In a monumental transparency effort, the Center for Medicaid and Medicare Studies has released Medicare payment data covering $77 billion given to 880,000 practitioners in 2012.
For the first time in 35 years, the public can see how and where their Medicare tax dollars are being spent. The American Medical Association has fought this release for years, fearing that people would jump to misinformed assumptions about the data.
According to Bloomberg, Medicare paid nearly 4,000 physicians $1 million or more each in 2012:
The listing, gleaned from 880,000 providers paid by Medicare, was released this morning. The data, the first look at physician payments by the agency in more than 30 years, showed that most spending fell to a small group of doctors, with less than 3 percent taking in about 28 percent of the $64 billion paid out to individual providers.
Because of the AMA’s opposition to the data release, the measure has received mixed feedback. Jonathan Blum, the principal deputy administrator for the CMS, said that he knows fraud in the system exists and the point of releasing the data was so citizens and journalists would discover said misuse of taxpayer money.
One of the biggest concerns from the AMA is that individuals will see big dollar amounts and automatically assume fraud is involved. In some cases, however, the payments go to cover doctors who have a high number of Medicare patients, highly specialized or efficient practices, or hefty overhead fees. In other words, seeing that a doctor received $21 million from the government doesn’t automatically mean that doctor pocketed all the money or got it fraudulently. Up to three fourths could have gone to cover expenses.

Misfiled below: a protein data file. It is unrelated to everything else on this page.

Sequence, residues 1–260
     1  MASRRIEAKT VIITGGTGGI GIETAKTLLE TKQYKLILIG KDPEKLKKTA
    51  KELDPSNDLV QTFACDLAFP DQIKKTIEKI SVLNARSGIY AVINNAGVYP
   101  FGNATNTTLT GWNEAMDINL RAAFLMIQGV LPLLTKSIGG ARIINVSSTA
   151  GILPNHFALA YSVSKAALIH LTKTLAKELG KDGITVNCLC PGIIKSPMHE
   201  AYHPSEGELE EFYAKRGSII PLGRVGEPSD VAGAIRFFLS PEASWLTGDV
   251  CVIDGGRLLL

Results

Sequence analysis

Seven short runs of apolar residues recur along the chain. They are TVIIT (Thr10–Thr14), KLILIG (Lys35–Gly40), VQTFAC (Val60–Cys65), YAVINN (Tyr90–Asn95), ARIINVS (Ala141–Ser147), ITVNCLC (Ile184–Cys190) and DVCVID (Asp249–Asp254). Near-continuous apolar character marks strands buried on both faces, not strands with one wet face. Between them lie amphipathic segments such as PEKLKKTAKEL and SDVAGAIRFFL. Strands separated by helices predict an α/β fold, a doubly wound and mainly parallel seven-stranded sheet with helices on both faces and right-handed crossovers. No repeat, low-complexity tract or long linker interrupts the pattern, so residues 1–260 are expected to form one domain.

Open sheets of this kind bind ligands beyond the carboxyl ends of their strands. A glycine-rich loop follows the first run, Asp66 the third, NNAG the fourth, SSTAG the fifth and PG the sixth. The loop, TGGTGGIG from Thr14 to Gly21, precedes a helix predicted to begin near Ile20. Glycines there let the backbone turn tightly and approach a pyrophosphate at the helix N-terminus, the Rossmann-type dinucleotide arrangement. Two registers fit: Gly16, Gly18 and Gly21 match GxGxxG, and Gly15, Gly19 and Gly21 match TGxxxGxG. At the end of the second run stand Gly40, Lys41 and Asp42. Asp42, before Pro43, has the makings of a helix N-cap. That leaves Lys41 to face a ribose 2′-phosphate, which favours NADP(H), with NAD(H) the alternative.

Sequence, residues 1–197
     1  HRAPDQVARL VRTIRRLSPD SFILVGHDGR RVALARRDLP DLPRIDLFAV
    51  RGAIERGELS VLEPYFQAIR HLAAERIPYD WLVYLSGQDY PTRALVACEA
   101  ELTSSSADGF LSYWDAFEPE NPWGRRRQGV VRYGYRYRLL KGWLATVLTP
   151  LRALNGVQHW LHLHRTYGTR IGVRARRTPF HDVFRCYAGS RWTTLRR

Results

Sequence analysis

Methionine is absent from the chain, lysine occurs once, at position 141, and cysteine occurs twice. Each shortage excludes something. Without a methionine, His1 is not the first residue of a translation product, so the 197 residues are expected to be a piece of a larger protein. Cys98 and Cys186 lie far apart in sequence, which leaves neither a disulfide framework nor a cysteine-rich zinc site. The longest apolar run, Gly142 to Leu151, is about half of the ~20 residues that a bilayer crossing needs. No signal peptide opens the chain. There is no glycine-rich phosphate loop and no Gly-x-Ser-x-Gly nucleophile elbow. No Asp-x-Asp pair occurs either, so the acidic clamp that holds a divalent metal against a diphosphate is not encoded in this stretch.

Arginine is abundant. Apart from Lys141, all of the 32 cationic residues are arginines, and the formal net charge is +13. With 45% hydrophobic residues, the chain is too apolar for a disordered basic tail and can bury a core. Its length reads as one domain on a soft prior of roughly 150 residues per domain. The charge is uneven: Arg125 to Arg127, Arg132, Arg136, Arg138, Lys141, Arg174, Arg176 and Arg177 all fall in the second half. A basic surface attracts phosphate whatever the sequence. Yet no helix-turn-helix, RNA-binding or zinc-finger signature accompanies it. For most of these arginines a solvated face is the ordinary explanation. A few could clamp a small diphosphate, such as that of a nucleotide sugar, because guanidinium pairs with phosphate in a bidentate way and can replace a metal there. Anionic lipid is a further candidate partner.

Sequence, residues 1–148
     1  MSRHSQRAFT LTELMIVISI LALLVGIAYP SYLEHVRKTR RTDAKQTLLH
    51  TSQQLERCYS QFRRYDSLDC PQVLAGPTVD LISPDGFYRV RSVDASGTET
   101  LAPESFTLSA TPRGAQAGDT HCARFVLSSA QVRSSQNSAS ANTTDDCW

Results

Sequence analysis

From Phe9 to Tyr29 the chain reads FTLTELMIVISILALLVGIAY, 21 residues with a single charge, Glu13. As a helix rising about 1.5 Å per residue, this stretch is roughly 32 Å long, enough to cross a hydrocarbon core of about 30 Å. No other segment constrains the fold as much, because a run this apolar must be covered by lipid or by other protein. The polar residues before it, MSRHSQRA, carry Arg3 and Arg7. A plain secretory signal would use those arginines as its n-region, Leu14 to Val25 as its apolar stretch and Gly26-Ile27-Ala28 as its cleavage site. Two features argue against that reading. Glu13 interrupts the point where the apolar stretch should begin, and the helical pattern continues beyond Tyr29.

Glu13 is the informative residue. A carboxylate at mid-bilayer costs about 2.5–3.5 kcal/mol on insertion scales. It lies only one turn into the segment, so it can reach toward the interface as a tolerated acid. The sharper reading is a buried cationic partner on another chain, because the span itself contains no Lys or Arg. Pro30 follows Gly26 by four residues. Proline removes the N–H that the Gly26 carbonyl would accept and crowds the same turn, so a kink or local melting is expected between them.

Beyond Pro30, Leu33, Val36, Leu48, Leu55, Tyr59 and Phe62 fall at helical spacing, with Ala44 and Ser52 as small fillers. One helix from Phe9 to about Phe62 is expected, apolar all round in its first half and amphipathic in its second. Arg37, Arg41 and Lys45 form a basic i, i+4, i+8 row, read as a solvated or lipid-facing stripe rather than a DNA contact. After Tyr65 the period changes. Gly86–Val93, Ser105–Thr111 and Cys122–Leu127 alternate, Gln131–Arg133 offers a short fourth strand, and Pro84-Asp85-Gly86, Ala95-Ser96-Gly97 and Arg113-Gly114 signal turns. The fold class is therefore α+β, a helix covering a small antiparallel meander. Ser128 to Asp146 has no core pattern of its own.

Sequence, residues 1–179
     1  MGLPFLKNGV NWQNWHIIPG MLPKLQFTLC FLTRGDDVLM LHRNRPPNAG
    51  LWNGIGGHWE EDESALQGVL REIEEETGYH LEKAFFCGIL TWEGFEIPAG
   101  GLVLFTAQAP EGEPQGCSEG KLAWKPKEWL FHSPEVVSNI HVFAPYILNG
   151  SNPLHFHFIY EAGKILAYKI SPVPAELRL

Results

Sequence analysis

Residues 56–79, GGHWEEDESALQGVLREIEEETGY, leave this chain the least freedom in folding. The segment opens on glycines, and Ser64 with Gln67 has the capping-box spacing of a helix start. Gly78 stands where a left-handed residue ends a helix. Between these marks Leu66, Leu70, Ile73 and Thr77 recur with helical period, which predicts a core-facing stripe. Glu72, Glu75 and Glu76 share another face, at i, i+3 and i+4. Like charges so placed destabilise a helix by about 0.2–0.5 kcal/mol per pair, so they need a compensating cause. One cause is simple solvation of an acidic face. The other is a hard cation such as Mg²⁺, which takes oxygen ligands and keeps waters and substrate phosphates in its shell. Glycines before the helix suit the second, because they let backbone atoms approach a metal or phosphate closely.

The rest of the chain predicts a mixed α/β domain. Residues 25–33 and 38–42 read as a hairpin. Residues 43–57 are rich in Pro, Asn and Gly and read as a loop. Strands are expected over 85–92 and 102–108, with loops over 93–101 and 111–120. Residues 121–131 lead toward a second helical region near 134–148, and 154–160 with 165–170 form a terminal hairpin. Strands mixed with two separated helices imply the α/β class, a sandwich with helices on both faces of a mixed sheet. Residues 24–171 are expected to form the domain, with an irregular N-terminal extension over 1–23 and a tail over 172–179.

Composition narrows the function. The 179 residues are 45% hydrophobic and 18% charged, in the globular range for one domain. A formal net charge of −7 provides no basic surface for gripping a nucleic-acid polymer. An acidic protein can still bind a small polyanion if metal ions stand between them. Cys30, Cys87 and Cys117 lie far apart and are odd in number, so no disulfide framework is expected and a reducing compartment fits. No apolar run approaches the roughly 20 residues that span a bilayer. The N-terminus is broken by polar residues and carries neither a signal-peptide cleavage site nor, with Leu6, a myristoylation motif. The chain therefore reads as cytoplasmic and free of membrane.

Blood work and radiation cancer doctors and ophthalmologists received the most money from Medicare. Reports say their overhead costs for certain drugs and procedures are extremely high, meaning most of the money doesn’t stay in the doctor’s wallet.
Even still, it’s wise to take advantage of the chance to see how our money gets spent. If an official from the CMS says he knows there is fraud, that’s a good sign that despite all the legitimate expenditures buried in the massive data pile, there are also misappropriations of funds wasting our hard-earned cash.
There are concerns that some doctors over-prescribe certain drugs or procedures because it generates profit. Using a more expensive drug means more taxpayer dollars go the doctor. Not only is this fraudulent, it can hurt patients who don’t actually need certain medicine or surgeries.
In the end, this marks a monumental step for transparency. When Medicare consumes 14 percent of our annual budget, we should know how that $498 billion gets spent. We can expect many more stories and revelations to come from this data which will help Americans better understand the health care sector.